ORLANDO, Fla. – Doctors describe cancer as a war inside the body, and the fight to win that war means finding a cure.
Dr. Sajeve Thomas, an oncologist and hematologist at the Orlando Health Cancer Institute, has been working on a treatment that is shrinking tumors, using cells from the patient’s body.
“It looks to me to be a miracle if you didn’t know any better,” Thomas said.
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Toni English had already been fighting a rare form of cancer for three years before she found that miracle treatment.
“I had just found out that I was going to be a grandmother right after my diagnosis, and the thought that I wouldn’t get to watch my grandchild grow up and have memories there,” English said.
Surgery, radiation and several treatments were unsuccessful for English’s cancer. That’s when Thomas recommended her for a clinical trial.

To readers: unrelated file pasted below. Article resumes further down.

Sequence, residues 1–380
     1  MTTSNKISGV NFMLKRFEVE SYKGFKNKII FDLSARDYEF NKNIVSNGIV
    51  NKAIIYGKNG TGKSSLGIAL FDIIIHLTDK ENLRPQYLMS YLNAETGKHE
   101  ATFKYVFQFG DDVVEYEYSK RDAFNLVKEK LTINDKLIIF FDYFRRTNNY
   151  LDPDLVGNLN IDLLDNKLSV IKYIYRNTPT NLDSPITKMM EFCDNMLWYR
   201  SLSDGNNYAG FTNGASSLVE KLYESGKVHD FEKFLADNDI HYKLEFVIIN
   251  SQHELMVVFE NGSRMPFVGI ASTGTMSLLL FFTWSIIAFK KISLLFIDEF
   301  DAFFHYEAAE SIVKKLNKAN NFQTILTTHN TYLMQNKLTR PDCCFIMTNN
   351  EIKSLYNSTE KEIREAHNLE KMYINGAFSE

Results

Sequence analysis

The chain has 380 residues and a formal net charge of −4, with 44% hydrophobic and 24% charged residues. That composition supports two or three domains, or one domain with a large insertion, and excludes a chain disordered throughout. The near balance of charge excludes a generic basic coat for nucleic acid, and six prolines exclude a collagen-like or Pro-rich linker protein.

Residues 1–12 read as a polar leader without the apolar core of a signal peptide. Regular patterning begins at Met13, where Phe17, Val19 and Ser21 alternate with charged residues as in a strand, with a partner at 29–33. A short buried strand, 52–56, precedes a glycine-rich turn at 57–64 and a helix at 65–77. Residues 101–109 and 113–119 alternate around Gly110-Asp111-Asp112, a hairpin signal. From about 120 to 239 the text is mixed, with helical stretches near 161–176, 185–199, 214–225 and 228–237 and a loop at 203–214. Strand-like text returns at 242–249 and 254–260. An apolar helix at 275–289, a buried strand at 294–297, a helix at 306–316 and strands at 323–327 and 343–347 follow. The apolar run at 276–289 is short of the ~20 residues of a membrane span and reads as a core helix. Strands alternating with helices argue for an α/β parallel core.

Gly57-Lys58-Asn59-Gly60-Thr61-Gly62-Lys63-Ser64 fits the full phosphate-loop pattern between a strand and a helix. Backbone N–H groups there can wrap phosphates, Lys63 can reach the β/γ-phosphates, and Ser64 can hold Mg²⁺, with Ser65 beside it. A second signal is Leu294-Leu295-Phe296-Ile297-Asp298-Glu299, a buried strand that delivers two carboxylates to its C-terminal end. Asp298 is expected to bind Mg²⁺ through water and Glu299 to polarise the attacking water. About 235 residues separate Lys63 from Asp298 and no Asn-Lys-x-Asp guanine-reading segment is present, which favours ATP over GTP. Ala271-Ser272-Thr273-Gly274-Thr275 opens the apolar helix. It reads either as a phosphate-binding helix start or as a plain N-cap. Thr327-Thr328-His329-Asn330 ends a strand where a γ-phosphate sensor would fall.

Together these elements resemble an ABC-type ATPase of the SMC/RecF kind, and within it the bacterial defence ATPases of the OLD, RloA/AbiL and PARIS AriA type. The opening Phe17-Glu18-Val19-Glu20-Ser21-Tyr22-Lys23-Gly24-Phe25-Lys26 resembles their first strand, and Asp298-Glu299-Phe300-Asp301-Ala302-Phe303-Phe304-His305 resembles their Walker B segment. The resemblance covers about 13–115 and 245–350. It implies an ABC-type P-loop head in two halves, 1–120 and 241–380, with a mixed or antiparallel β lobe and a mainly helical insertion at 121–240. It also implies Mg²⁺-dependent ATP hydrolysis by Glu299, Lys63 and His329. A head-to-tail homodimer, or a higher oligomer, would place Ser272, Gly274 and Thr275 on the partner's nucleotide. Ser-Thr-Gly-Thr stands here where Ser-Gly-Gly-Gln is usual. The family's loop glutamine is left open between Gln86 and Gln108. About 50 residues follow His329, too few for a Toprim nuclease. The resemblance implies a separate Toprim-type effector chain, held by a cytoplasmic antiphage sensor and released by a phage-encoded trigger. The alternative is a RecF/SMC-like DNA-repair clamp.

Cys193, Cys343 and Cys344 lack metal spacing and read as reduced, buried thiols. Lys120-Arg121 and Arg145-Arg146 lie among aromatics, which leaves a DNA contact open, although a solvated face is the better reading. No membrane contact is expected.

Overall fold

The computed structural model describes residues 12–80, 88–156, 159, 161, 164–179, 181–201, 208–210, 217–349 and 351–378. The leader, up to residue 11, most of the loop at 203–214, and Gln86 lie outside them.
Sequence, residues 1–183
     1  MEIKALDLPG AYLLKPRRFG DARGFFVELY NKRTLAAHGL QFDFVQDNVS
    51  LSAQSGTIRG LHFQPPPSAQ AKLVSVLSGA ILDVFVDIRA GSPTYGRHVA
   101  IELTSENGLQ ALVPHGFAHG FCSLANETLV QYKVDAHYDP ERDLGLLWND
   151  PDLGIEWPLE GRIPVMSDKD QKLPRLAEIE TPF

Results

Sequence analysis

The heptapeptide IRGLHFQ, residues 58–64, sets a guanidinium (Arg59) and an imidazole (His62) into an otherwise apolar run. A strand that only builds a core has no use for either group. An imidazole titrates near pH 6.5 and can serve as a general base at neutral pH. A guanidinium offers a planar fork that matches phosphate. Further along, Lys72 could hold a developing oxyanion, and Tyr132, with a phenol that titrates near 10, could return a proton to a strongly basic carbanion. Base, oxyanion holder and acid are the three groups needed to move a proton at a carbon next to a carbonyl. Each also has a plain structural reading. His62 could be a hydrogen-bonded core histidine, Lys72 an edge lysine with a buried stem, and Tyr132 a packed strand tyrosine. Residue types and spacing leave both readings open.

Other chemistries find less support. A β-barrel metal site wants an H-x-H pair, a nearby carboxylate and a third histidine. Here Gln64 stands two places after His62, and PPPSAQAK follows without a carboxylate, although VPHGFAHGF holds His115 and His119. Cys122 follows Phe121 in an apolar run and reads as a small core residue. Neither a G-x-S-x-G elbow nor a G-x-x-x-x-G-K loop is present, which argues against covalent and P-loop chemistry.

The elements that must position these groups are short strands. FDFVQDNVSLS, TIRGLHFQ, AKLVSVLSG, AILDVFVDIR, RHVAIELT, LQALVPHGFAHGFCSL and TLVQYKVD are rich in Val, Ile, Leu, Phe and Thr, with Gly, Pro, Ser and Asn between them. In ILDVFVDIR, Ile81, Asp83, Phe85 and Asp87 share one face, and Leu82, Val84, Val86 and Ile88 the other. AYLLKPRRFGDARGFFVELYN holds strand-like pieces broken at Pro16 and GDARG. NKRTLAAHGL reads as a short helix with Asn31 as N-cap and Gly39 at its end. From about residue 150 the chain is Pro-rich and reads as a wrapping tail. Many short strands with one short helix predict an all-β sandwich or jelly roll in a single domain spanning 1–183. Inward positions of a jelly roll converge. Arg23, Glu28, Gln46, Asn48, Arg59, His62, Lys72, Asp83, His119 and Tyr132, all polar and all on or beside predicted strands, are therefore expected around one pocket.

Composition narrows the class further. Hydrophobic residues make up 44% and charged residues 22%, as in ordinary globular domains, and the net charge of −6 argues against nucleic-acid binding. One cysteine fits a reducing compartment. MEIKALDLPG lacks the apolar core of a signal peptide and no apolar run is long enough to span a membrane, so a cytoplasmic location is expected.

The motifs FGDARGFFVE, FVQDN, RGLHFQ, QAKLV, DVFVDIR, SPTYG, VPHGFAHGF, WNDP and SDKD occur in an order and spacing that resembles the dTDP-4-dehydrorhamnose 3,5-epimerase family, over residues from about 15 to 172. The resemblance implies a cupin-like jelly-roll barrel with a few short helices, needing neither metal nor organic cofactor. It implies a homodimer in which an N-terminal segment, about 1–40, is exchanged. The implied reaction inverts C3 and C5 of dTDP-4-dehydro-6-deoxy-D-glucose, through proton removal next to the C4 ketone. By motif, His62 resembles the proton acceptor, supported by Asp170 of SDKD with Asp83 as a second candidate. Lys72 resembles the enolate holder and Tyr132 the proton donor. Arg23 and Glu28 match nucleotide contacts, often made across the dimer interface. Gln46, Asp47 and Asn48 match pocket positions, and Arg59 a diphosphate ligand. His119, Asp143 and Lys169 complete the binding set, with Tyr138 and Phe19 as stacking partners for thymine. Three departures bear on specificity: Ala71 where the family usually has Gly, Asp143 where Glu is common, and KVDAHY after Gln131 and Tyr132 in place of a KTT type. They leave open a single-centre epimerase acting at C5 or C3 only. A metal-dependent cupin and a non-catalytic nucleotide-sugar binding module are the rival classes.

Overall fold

“I just jumped up and I said ‘absolutely, I’ll do anything, I’ll try anything if it can take care of my cancer,’” English said.
The clinical trial for TIL therapy offered a new option for patients fighting melanoma. English’s stage four mucosal melanoma had spread to her brain, the lungs and the kidney.
“I wanted the treatment, whether it helped me or not. I wanted that treatment to be a part of that clinical trial to see if we could find a cure for rare cancers,” English said.
Thomas explained that the TIL therapy infuses the patient’s own T-cells back into the patient, in addition to some other medications, to reinvigorate the patient’s immune system.
“This is a war, we are fighting against the cancer,” Thomas said.
The TIL treatment lasts about three weeks in the hospital. Six weeks after the treatment English’s tumors were smaller and six months after they were gone.
“Now I have folks that are more than 3 years out just with the one-time approach of TIL therapy never having to go back on therapy ever again,” Thomas said.
Thomas said TIL therapy is on its way to FDA approval and by 2022 he expects all patients to have access.
Researchers plan to expand TIL therapy for other types of cancer, including lung, cervical and head and neck cancers. All are currently in clinical trials.